Afghanistan is in turmoil. The democratic government installed by the US collapsed after 20 years. This government was a result of a US-led attempt to modernize and reform Afghanistan. However, this Kabul regime lost popular support because of pervasive corruption and fell even before the last US troops left in 2021.
In the first part of this discussion, we talked about the history of Afghanistan’s monarchy. In this second part, Barfield talks about the civil wars that have shaped Afghanistan over the last 50 years.
The communists saw themselves as the successors of the modernizing King Amanullah Khan. After overthrowing President Daoud Khan, they attempted to institute socialism. They found themselves unable, however, to impose order on the country.
Soviet leader Leonid Brezhnev decided to intervene. Despite misgivings, Brezhnev-led Moscow invaded Afghanistan in the hope to clean house and declare victory. The Soviet 1979 invasion turned into a ten-year slog that left one million Afghans dead. When the final Soviet troops left Afghanistan in 1989, they left behind a friendly leader in place. The former Soviet ally Mohammad Najibullah held on till 1992, but the collapse of the Soviet Union in 1991 sealed his fate.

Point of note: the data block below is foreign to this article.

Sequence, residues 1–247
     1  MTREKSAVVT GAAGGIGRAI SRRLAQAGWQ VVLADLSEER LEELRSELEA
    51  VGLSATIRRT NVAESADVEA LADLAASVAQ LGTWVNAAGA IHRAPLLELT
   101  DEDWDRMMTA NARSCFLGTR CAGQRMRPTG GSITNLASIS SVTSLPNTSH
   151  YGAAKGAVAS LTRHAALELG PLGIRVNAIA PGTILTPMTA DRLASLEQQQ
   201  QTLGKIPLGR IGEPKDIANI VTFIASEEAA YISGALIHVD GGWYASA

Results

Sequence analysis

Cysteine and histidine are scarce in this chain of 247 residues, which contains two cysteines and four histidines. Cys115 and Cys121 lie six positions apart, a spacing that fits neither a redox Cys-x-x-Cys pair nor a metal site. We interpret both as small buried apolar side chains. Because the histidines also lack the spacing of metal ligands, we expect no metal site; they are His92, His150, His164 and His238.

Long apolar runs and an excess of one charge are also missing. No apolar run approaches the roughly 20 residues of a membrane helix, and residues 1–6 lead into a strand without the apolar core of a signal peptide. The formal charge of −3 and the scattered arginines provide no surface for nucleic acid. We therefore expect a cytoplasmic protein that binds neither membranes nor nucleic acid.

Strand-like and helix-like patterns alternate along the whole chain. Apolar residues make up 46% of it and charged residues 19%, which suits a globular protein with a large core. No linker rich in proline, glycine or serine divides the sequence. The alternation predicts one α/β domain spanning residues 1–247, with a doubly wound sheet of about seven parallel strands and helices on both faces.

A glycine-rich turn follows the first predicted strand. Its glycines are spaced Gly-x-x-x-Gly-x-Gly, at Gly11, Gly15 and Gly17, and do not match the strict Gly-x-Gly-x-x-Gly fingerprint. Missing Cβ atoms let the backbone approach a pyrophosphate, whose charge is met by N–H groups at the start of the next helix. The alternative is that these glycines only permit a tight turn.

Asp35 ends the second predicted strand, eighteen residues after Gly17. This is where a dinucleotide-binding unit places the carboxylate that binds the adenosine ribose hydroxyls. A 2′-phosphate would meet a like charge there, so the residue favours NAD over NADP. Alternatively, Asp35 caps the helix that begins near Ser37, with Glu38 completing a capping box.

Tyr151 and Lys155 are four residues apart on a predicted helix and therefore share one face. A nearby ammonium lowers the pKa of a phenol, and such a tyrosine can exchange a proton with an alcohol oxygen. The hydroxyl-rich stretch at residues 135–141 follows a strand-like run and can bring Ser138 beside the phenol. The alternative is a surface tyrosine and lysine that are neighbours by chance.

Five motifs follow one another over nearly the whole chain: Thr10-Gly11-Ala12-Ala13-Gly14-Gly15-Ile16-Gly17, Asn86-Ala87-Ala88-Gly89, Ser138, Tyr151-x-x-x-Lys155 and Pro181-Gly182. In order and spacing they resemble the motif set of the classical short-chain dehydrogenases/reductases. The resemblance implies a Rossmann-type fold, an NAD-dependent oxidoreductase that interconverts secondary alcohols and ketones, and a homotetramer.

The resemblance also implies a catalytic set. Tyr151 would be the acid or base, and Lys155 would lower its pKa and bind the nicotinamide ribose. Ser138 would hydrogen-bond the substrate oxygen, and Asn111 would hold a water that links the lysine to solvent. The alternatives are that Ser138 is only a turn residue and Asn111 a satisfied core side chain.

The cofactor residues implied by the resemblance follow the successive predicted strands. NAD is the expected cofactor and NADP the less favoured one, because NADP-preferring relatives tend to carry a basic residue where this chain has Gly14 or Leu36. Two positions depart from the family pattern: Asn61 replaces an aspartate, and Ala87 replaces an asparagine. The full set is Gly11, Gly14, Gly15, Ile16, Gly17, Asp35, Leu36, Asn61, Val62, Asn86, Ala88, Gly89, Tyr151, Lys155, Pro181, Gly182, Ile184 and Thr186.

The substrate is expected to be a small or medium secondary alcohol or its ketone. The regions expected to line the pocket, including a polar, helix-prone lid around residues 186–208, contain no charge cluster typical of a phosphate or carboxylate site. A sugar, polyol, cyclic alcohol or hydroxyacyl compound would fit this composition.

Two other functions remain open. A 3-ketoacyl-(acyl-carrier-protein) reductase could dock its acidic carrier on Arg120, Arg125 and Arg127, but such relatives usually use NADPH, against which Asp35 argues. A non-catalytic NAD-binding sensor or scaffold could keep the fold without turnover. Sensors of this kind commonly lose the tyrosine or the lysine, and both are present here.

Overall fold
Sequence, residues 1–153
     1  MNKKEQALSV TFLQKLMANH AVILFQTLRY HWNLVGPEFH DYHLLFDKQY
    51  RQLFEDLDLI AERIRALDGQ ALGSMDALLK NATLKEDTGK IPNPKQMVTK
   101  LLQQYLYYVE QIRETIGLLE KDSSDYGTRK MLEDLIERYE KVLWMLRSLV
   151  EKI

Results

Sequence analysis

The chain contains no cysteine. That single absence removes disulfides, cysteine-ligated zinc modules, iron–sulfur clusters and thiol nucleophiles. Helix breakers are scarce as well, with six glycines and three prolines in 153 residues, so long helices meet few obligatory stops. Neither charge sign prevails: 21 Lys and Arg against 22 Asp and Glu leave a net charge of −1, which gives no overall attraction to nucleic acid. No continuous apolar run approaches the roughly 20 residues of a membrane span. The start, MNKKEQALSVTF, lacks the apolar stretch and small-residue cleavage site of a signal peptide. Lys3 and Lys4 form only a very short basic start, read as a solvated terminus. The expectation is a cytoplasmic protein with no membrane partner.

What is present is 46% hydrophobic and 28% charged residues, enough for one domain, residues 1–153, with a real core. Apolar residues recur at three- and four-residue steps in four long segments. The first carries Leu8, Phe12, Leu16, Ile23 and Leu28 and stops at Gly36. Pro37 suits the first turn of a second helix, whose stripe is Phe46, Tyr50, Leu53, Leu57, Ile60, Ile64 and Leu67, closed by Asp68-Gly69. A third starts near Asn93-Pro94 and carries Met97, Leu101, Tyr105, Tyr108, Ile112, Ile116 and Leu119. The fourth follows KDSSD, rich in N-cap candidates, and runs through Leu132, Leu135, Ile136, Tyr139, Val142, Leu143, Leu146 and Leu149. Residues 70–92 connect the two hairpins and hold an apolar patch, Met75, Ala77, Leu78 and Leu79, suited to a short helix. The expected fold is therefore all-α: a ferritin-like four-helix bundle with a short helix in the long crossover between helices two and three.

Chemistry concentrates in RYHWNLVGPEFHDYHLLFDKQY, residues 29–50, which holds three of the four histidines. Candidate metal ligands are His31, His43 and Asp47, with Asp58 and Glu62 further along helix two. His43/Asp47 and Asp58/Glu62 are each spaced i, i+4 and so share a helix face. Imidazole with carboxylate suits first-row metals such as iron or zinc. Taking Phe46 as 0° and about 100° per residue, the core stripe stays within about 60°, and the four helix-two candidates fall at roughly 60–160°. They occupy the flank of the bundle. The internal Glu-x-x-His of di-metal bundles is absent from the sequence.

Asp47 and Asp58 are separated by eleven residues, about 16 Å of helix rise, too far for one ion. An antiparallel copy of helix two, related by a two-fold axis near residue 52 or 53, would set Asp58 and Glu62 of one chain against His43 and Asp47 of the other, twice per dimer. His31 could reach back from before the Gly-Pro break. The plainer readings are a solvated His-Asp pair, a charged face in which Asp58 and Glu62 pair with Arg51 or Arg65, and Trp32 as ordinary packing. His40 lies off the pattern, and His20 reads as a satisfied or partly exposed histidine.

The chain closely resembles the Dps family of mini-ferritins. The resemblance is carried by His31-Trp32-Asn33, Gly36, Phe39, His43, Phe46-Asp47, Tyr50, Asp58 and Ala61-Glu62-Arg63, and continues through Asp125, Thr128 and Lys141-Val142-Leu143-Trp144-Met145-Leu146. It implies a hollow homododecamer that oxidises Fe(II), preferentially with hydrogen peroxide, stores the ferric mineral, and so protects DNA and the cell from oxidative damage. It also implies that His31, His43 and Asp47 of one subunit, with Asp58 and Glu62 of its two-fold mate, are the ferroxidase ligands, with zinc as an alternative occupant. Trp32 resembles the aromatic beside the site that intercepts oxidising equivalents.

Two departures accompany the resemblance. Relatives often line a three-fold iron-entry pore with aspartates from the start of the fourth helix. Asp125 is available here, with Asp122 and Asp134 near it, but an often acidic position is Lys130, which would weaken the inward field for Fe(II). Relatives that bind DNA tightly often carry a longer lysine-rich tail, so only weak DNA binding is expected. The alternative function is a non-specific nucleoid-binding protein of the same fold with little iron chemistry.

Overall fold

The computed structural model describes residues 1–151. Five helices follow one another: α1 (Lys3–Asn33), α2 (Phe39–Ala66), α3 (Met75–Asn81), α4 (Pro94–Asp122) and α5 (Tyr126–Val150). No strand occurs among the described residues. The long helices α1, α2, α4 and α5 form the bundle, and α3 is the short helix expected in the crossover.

Najibullah negotiated a deal with the anti-communist mujahideen rebels. What resulted was a situation where communists and Islamists shared power along ethnic lines, rather than ideological ones. However, warlords soon came to control the country and the country disintegrated into savage civil war.
The chaos destroyed the mujahideen’s reputation as victorious jihadis. The Taliban arose out of the southern city of Kandahar and with Pakistan’s backing took over much of the country, pushing back the warlords. In 2001, the Taliban found its control over Afghanistan threatened because of the September 11, 2001 attacks on New York and Washington, DC.
Because the Taliban would not give up Osama bin Laden to the US, President George W. Bush launched an invasion of Afghanistan. Most of the country sided with the US and troops of the Northern Alliance captured Kabul within a few weeks.
The US established a democracy but the leaders Washington installed inspired little confidence. Elections occurred but there was little connection between politicians and the people in a country with little tradition of democracy. Assured of US backing, politicians had little to fear and stole the money generously coming from Washington. Misgovernance and corruption were rife. In this strange US-created democracy, politicians did not need popular support and made no attempt to win it.
Within a few years, the people of Afghanistan realized that no reform was in the offing. Presidents behaved like kings, ruling selfishly from palaces in Kabul and siphoning away the foreign aid.
Barfield explains that there are two kinds of corruption. Some leaders use money to buy power. Others, like those in Kabul, used power to buy money. What was left at the end was a state sucked dry of all authority, which enriched a few men who fled the country when their game was up.
Afghanistan: A Cultural and Political History published by the Princeton University Press. You can buy the book here.
[Anton Schauble wrote the first draft of this piece.]
The views expressed in this article/video are the author’s own and do not necessarily reflect Fair Observer’s editorial policy.